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Everything posted by Cornbinder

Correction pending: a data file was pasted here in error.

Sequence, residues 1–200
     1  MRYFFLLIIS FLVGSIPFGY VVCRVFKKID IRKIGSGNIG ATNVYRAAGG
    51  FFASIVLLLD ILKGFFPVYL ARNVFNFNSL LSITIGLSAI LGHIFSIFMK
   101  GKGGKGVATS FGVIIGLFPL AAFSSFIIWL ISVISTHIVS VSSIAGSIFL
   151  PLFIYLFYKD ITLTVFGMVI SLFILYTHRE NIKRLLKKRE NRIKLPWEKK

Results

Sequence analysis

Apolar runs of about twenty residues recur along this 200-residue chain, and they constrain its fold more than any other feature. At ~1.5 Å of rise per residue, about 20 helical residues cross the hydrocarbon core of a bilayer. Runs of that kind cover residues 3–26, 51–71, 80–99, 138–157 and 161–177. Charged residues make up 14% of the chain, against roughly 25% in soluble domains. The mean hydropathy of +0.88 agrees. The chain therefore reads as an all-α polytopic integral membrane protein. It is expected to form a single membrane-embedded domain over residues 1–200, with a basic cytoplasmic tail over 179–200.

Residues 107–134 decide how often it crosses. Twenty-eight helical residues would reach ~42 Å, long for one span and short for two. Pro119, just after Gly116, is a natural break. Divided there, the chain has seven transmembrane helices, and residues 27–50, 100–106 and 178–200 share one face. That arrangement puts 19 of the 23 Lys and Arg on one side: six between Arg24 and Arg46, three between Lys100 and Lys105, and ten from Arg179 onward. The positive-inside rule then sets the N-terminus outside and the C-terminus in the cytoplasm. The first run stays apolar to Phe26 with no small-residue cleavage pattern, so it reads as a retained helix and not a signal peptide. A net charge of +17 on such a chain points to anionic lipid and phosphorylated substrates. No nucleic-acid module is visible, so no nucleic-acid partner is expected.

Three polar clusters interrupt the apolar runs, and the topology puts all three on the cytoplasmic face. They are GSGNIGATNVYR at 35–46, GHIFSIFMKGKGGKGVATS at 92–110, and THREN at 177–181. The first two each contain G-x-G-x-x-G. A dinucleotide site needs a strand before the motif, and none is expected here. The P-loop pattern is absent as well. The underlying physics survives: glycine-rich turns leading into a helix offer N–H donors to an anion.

1. As a lifelong lover of International trucks, and a model builder, I have to say that among my all-time favorite kits are the '70's-era Ertl International kits. Mostly accurate and crammed with detail, it takes little more than clean and careful building techniques to make a real show piece from one of these kits. While the Paystar kits are relatively easy to find, the others can be a bit more of a challenge. Case in point, the Transtar II. Though it was reissued in 1996 and run until 1999, it's tough to track down today, which is ironic considering that it was a bit of a flop in the marketplace at that time. This kit started out as a Transtar CO4070A, and Ertl later updated it to the current Transtar II Eagle specs. The original kit had an innovative feature- templates for painting the stripe scheme, a feature picked up later on by many of the Japanese kit manufacturers but pretty much forgotten by everyone else. The 1996 reissue, which is what I'll be showing here, does not include these templates, though their presence is still called out on the box. Ertl's box art was always striking, and fortunately this kit was not reissued in the unimaginative "standard" AMT-Ertl boxing of the time. The 1996 reissue is pretty much a pure duplicate of the original Transtar II box art. Here we have the cab, and the piece to the right is the upper interior bucket, which has the inner door and side panels, rear upholstery, and headliner with sun visors. Almost anything that could be done as a separate piece on the cab, WAS done as a separate piece. If you take a close look at the cab, you might be thinking "Hey... it kind of looks like a big Cargostar." That's because, in a way, it is. When IH designed the Transtar cabover, they opted to use as many existing stampings from the Cargostar as possible, in order to cut costs. In fact, I know of a resin caster who is using one of these cabs to master a Cargostar. But that's a story for some other time... Here we have a sprue full of engine and chassis parts. The Detroit V8 in the kit has very nice surface detail... much more so than AMT kits of the period. I have heard it is a tad underscale, but it is an impressive looking engine when built up and detailed. We also have the battery boxes, dash, cab floor, sleeper partition (complete with a rolled up curtain), visor, and various other doodads. Here we have the passenger's side frame rail up top, with more chassis parts, mainly wheel parts, front axle, forward drive axle, air brake chambers, and radiator. Again, all parts exhibit very nice surface detail. Keep in mind that this kit dates from the mid 1970's! Here we have the driver's side frame rail, rear drive axle, the massive walking beams, batteries, inner front spring halves, and the fifth wheel plate. Two high-back buckets, standard on the lux Eagle model, are also included on this sprue. Also note the CB radio... a feature which is strangely lacking in many "big rig" kits. Unlike AMT, Ertl did not go "primate feces" with the chrome plating, though you will want to strip the fifth wheel. Again, great engraved detail on these parts, and the chrome plating doesn't muck it up too badly at all. The "International" lettering on the grille frame stands out far enough to accept a paint wash quite well. You'll want to strip the exhaust manifolds and piping, and possibly the air cleaner, but the rest here is good to go. Again, sharp detail and the plating quality is pretty good. Again, the "Transtar" lettering in the side trim stands out proud- note that the side trim pieces also include the door handle and side step. Oddly, Ertl had a love affair with molding the fog lights into the bumper. A little detail painting... or going to the extent of drilling out the molded lenses to replace with clear units, helps quite a bit. Still, that's a very small fly in the ointment, considering how good the rest of the kit is in terms of parts breakdown. Again typical of an Ertl kit, all the "clear" parts are just that... clear. You'll need your favorite clear red and clear orange for the taillights and turn signals, respectively. The clear parts are relatively thin and don't exhibit much distortion. Tires are hollow Goodyears by way of MPC. Remember at one time Ertl, AMT, and MPC were all separate companies. Ertl did buy out MPC's "big rig" tooling in the late '70's. A few years later, Ertl took over AMT, and later, MPC. If you've built pretty much any AMT, Ertl, or AMT-Ertl semi reissue from the late '80's onward, you are no doubt familiar with these tires! The decal sheet includes the Eagle graphics, along with door signage for two fictional hauling firms- Eagle Freight and TSR Freight Lines. Several small permit labels and detailing graphics are also supplied. The names "Linda" and "Elaine" are also on the sheet (hard to see in the pic but visible just to the right of the top "Eagle Freight" decal... so your Transtar can have a name, or so you can put a female driver behind the wheel. Like most '90's Ertl sheets, the carrier is thick and you'll want to trim it as closely to the graphic as possible, but they do tend to lay down well and look good once in place. Barring that, Jerry at modeltruckin.com does a set for this kit, and no doubt there are numerous other choices available through the aftermarket or kitbashing. Ertl kits don't have instruction sheets. They have full-blown, bona fide, honest-to-Thor instruction booklets, laid out in a checklist format. This booklet also includes a few photos of 1:1 Transtar IIs for reference, thought the photos are black and white and not quite as sharp as you might hope. As far as building goes, there are really only two things to watch out for. The front track is a bit wide, so you may look into modifying the axle and or front hubs so that the front tires won't stick out past the sides of the cab. You also may want to move the battery box rearward just a tad. Every time I hear someone comment on building this kit, those are the two things always mentioned. Of course, since the kit has posable steering you could always take the lazy way out and just display the model with the wheels turned to hide the track! I have not yet had the chance to build this kit, but I am very much looking forward to it. The Transtar was once a very common sight on American highways- even 40 years later you'll still see a few out and about from time to time. It's an iconic kit of an iconic semi tractor, an I do hope Round 2 will see fit to bring it back again. Given the superiority of Round 2's decal sheets to the old Ertl sheets, that alone would be an improvement over what is already a great kit.